Category: Professional Posters
Purpose: The objectives of the study were to: estimate the prevalence of health associated infections and the scope of antimicrobial use in a tertiary institution in Trinidad, describe the antimicrobial agents prescribed and their indications, and determine if prescribers followed evidence-based antimicrobial policies subsequent to diagnoses for patients in the selected wards.
Methods: This was a cross-sectional study consisting of three data collection instruments. Ward data were collected to identify the types of ward (ICU, Adult Medical, and/or Surgical), number of patients in each ward, presence of alcohol hand hygiene dispensers, type of medical personnel (consultants, house officers, nurses and nurse assistants, pharmacists), single room with individual toilet facilities or communal (multiple-bed) room and adjacent toilet facilities, and the number of occupied beds.Each ward surveyed was completed within one day. Data were also extracted from several sources available on the ward at the time of survey and documented on the data collection instruments. These included nursing notes, medical notes, temperature charts, drug charts, electronic prescribing systems, surgical notes, laboratory reports, e.g. microbiology results and other relevant charts. Patients were defined as receiving antimicrobials if they were prescribed at the time of survey for treatment or medical prophylaxis and received at least one dose of surgical prophylaxis in the 24 hours prior to 8:00 am on the morning of the survey. Data was recorded for each antimicrobial: the name of medication, route of administration, dosage per day, indication for prescribing and diagnosis. The prevalence of the health associated infection, device use and antimicrobial prescribed were determined using the software HELICSwin.Net 1.3.8. Both the prevalence and 95% Confidence Interval for the prevalence were calculated by the software.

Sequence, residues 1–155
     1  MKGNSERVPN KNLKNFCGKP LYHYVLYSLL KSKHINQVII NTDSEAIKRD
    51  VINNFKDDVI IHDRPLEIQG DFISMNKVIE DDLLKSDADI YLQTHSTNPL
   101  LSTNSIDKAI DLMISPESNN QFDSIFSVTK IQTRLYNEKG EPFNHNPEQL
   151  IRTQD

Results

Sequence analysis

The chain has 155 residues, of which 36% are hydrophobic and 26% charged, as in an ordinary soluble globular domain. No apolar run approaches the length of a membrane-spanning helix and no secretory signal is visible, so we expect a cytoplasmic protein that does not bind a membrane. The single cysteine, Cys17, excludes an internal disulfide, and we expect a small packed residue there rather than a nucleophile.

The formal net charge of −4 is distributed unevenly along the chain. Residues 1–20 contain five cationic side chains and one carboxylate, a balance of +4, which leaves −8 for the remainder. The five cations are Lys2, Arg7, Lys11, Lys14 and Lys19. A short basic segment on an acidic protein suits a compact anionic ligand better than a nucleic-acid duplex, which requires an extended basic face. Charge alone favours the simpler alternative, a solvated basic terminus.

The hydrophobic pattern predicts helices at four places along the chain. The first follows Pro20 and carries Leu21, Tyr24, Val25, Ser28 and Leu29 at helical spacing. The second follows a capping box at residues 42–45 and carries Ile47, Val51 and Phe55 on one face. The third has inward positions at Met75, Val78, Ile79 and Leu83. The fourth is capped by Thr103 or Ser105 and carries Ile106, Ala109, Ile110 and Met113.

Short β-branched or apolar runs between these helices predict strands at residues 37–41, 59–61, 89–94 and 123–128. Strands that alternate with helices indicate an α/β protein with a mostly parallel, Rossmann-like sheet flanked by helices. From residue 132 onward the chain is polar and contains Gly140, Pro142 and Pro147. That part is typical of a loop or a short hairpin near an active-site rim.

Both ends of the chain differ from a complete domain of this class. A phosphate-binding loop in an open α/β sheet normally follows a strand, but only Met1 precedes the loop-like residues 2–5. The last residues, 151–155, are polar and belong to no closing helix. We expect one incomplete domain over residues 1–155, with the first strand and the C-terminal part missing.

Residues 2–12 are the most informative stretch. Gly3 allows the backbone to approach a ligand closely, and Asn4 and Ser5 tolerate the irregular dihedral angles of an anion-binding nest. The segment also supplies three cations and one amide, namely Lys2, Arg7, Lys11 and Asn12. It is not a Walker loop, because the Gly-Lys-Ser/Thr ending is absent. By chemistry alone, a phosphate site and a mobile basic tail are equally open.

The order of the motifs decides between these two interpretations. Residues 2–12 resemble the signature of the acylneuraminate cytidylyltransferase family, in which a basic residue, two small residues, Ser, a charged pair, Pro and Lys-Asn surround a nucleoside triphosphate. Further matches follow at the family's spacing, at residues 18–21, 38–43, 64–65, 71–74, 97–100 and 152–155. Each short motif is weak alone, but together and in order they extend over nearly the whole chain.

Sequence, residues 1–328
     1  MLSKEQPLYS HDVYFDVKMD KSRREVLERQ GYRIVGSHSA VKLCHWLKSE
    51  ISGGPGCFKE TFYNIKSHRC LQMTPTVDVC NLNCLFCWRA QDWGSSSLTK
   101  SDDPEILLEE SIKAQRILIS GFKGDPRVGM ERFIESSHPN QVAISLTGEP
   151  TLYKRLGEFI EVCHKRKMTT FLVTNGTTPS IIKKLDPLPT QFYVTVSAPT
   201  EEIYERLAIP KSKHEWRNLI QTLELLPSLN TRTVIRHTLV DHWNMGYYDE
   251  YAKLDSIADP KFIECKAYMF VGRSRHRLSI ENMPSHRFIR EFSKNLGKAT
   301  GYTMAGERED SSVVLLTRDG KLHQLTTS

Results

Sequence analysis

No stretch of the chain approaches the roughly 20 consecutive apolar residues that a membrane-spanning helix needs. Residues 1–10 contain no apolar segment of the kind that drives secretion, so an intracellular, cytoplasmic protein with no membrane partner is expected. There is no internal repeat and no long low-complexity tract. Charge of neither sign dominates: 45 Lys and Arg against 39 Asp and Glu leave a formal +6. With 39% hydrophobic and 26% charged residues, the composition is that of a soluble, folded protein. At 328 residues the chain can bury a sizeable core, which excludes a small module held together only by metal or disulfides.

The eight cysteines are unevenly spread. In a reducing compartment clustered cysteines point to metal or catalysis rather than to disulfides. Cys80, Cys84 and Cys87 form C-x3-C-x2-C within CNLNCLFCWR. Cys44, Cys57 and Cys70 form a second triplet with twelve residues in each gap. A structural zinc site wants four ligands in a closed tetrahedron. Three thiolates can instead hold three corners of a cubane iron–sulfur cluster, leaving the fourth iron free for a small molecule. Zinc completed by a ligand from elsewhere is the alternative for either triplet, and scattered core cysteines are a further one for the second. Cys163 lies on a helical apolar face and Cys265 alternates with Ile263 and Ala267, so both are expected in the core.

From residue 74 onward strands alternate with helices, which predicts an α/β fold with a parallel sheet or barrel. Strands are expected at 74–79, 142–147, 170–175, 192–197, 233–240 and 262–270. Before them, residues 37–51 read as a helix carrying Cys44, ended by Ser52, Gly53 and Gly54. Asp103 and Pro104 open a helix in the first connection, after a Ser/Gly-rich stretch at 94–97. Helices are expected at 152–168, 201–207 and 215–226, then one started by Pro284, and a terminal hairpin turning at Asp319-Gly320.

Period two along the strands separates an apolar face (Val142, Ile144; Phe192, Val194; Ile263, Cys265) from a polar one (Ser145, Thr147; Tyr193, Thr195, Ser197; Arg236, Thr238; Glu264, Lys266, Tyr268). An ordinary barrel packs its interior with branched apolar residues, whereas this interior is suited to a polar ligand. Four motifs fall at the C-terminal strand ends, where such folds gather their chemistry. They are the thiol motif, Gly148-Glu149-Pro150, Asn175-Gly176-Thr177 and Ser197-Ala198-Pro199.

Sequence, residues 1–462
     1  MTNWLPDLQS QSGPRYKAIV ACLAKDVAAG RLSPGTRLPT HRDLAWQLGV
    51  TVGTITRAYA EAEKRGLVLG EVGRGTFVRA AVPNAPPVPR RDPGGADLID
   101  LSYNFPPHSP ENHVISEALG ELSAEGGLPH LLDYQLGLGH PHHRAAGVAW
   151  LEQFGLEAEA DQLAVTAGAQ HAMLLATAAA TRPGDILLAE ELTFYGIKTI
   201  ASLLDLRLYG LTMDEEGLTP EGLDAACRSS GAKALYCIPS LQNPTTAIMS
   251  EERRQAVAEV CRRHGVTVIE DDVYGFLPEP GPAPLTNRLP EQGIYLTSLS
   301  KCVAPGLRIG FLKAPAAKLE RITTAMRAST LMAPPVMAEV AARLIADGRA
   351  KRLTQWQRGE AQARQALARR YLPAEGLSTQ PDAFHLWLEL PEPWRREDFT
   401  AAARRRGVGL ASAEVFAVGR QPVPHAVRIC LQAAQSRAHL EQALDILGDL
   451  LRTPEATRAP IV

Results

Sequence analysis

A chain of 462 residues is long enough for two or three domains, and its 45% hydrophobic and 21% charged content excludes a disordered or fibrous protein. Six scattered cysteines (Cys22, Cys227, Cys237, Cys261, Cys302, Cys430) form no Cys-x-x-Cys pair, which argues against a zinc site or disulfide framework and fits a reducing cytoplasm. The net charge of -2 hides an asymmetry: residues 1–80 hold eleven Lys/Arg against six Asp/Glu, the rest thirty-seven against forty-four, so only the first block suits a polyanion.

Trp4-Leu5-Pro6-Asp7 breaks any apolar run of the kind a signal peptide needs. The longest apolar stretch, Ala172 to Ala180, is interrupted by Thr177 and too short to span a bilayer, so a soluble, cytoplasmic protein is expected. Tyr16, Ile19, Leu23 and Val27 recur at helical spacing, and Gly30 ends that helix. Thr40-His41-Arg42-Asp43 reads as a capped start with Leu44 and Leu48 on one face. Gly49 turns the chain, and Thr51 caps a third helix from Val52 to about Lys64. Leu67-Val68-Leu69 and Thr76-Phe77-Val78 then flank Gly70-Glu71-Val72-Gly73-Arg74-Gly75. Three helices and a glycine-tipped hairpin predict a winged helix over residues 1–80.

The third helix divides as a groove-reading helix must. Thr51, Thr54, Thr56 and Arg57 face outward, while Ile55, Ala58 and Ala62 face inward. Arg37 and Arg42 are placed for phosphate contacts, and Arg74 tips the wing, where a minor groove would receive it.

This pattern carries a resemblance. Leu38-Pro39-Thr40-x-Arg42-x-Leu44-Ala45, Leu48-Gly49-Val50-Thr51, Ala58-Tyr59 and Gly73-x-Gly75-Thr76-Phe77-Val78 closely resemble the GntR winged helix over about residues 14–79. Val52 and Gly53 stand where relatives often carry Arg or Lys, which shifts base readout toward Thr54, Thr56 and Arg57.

Results: Of the 130 patients surveyed, 30 had an infection that occurred within 48 hours of admission. The most commonly reported infection type was urinary tract infections, evident in 9 (30.0%) patients, caused by Escherichia coli in 7 patients and Klebsiella pneumoniae in 2 patients. Out of the 30 patients, 10 (33.3%) were awaiting laboratory reports at the time of survey. Resistance was noted for Staphylococcus aureus and Escherichia coli, both of which were seen in 2 patients, and an Enterococcus species in 1 patient.
Conclusion: The results of the survey imply that public health surveillance and prevention activities should address hospital acquired infections. Recommendations to minimize the risk of resistance include: improving the availability of alcohol-based hand rub, the provision of single room and isolation capacity, antimicrobial guidelines for treatment of infection, judicious prescribing and proper surveillance of prescribed antimicrobials.